David R. Knechtges

Ban Gu 班固 (32–92), zi Mengjian 孟堅

Ancient and Early Medieval Chinese Literature

Eastern Han writer and historian.

Ban Gu’s natal place was Anling 安陵 in Fufeng 扶風 (northeast of modern Xianyang 咸陽, Shaanxi). He was the son of Ban Biao 班彪 (3–54). His twin brother Ban Chao 班超 (32–102) was a famous military man and explorer, and his younger sister Ban Zhao 班昭 (ca. 49–ca. 120) was one of the most distinguished female scholars in Chinese history. According to his biography in the Hou Han shu (40A. 1330), already at the age of nine Ban Gu “was able to compose essays and chant the Classic of Songs and fu.” He was an avid reader, and as he grew older, he was thoroughly conversant with the major schools of learning. In 54, when Ban Gu was twenty-two, his father died. He re turned to the family home in Anling northwest of Chang’an. Greatly saddened by his father’s death, Ban spent a period of contemplation and introspection, pondering what direction he should follow in his life. Ban then wrote a long poem titled “You tong fu” 幽通賦. (Fu on communicating with the hidden) in which he examines how the unseen world, the realm of what he calls the “hidden men” influences human life. At the end of the poem he quotes Confucius and Mencius to support his belief that the moral man must keep himself intact (bao shen 保身), adopt what is right (qu yi 取誼), and above all, not die an early death from grief and excessive self-pity.

After his father’s death, Ban Gu remained at home in Anling engaging in scholarship. In 58, he presented a petition to Emperor Ming’s brother, Liu Cang 劉蒼 (d. 83), Prince of Dongping 東平, who had issued a summons to recruit worthy men to his service. Ban Gu recommended six men and hinted that he himself was also worthy of selection. Although Liu Cang was impressed with Ban Gu’s petition, he did not offer him a position.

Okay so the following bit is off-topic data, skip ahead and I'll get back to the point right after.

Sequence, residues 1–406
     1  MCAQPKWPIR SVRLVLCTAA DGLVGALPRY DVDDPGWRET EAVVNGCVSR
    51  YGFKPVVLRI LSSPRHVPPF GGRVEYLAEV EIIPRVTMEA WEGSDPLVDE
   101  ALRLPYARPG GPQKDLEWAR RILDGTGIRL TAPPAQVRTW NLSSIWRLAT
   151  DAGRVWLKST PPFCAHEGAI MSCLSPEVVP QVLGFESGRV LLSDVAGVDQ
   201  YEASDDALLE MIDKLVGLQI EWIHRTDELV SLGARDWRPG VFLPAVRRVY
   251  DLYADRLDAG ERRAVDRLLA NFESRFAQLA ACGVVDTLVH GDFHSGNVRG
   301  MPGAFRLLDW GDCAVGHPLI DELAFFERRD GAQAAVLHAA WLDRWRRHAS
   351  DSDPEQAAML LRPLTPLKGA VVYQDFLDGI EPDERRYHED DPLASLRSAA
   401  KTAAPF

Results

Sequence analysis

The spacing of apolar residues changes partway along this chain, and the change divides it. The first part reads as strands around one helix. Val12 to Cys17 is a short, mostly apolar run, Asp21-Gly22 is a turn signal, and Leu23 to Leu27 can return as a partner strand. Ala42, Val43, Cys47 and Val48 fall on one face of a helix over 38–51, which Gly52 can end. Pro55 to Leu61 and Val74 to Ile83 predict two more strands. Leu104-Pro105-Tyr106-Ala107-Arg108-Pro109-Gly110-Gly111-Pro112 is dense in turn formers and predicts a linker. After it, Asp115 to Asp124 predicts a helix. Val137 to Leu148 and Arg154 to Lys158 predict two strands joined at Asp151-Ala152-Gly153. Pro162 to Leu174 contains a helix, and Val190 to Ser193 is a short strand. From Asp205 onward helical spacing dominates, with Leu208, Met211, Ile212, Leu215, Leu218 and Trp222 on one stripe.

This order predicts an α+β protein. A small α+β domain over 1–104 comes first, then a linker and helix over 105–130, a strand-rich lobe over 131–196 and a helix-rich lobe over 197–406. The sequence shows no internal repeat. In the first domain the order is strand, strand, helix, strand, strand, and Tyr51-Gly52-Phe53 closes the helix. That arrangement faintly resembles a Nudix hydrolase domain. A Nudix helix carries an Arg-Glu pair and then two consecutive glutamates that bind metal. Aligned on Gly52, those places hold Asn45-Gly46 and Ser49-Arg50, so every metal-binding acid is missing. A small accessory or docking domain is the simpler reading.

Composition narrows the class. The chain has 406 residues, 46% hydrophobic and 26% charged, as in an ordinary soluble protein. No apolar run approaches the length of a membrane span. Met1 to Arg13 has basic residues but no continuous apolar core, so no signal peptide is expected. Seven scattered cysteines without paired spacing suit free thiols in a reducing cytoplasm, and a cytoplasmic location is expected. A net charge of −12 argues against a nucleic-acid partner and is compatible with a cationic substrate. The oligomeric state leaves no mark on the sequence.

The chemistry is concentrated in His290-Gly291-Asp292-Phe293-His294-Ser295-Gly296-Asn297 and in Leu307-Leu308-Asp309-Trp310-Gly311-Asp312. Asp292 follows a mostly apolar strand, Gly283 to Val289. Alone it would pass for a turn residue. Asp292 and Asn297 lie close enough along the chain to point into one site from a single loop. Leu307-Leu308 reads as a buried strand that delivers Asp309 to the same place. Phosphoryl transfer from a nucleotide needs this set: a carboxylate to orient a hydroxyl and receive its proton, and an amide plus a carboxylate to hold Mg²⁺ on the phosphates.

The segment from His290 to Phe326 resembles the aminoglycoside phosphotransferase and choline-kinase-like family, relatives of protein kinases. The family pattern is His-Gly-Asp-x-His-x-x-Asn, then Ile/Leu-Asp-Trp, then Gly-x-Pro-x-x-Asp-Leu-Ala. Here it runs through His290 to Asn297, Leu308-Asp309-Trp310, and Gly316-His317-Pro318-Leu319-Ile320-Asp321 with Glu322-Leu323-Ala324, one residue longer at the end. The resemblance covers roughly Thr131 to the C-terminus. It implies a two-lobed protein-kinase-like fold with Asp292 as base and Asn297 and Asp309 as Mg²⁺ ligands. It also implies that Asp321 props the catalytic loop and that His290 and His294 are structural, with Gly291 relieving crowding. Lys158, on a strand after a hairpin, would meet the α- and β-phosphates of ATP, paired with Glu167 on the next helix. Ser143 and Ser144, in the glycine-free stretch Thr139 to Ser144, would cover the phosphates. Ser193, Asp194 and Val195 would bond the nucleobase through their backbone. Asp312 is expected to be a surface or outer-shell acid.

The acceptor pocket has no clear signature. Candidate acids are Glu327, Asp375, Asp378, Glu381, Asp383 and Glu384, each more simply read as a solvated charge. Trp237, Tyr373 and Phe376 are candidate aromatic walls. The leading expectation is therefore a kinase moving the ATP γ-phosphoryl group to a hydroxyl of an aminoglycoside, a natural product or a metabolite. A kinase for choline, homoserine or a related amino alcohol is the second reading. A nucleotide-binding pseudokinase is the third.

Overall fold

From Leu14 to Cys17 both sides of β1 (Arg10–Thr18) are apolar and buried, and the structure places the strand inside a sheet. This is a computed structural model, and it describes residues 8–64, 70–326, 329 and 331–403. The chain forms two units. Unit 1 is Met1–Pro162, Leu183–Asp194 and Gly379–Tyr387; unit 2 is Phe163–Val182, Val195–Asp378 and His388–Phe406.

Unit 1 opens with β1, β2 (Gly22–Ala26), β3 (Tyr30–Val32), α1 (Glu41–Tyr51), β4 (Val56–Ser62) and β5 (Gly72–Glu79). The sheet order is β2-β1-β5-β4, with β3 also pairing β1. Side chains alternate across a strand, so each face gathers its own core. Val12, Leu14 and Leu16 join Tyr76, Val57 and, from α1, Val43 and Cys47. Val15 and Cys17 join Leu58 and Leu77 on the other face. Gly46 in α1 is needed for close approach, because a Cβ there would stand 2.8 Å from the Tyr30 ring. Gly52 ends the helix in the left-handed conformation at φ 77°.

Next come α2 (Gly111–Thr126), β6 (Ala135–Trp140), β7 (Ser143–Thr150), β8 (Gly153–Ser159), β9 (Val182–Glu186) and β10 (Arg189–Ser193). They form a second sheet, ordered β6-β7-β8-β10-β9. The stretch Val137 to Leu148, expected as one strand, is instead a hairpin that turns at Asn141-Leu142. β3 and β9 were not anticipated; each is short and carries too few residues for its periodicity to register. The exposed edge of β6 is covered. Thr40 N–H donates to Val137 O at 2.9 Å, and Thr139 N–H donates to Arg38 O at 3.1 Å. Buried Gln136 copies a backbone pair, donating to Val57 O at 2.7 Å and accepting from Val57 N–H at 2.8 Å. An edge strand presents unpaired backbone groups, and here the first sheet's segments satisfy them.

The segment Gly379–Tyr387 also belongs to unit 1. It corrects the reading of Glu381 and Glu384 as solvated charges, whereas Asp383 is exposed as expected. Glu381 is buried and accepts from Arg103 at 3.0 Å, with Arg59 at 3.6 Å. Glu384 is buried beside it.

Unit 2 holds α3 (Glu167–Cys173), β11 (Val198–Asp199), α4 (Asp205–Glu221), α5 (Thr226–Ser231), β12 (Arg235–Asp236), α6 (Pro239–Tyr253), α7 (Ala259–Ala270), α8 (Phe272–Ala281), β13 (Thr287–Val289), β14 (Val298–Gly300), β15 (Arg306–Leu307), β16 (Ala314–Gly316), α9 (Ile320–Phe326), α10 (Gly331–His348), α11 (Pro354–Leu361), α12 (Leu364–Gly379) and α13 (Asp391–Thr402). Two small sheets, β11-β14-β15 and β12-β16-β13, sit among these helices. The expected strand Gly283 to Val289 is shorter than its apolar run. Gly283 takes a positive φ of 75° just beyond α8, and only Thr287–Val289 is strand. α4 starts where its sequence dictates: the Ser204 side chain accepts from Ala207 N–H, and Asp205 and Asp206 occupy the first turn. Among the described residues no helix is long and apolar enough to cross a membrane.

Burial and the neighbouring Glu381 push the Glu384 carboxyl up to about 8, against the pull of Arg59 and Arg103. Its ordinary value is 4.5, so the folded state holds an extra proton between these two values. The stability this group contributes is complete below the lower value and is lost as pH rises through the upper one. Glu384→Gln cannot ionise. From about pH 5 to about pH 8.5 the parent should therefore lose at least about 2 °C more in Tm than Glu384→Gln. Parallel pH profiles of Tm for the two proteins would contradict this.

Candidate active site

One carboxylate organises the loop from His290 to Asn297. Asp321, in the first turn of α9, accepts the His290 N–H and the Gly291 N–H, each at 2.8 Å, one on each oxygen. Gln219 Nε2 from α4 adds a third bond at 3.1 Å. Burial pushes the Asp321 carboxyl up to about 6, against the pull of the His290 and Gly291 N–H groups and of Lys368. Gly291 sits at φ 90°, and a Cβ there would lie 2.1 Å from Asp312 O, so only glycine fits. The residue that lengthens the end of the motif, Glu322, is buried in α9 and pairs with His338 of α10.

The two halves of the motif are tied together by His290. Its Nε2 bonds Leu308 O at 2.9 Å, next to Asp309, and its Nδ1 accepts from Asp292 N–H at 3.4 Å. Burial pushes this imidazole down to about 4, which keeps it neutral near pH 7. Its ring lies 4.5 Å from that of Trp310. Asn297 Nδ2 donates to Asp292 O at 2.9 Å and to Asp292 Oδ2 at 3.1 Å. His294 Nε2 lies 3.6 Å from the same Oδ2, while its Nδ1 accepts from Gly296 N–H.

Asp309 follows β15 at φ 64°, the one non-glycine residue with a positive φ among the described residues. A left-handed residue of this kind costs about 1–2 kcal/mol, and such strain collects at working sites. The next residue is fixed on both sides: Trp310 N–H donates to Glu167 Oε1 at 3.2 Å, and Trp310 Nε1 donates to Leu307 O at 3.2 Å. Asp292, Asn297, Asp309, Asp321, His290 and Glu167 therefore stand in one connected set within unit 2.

Before his death, Ban Biao had begun work on a supplement to Sima Qian’s Shi ji. Ban Gu took up the task of completing his father’s work. In 62 someone learned of his project and accused him before Emperor Ming (r. 58–75) of privately revising the national history. The emperor ordered Ban Gu arrested and had his family library confiscated. His brother Ban Chao inter ceded on his behalf, and the Emperor ordered Ban Gu released. In the same year he was assigned to the Magnolia Terrace as a foreman clerk (ling shi 令史), in which capacity he worked on compiling the annals of the first Later Han emperor, Guangwu 光武 (r. 25–57), along with bio graphies of important figures of that era. In 64, Ban was promoted to the post of gentleman and put in charge of collating books in the imperial collection. The emperor was so impressed with the quality of Ban Gu’s scholarship, in 66 he granted him permission to resume compilation of his Former Han history, on which he worked for over twenty-five years until his death in 92.

During Emperor Ming’s reign, in addition to compiling his history, Ban Gu continued to write fu. It was probably during this period that he wrote his longest and most famous fu, “Liang du fu” 兩都賦” (Fu on the Two Capitals), which is the first piece in the Wen xuan The text, minus the preface, also is in Ban Gu’s Hou Han shu biography. The two capitals of the title are the Han metropolises of Chang’an and Luoyang. Chang’an, the Western Capital, was the capital of the Former Han. After the fall of Wang Mang in 23, it briefly served as the capital of the Gengshi 更始 Emperor (r. 23–25) until he was overthrown by the Red Eyebrows rebels in the summer of c.e. 25. The rebels burned the palaces, chambers, markets, and wards with the result that Chang’an became a virtual ruin. Luoyang, the Eastern Capital, was the capital established by Emperor Guangwu 光武 (r. 25–57), the founding emperor of the Later Han, who undertook a major recon struction of the Southern Palace. Guangwu’s successor, Emperor Ming, continued expanding the palace complex, and between 60 and 65, the Northern Palace was reconstructed. It was probably during this period that Ban Gu composed “Fu on the Two Capitals.”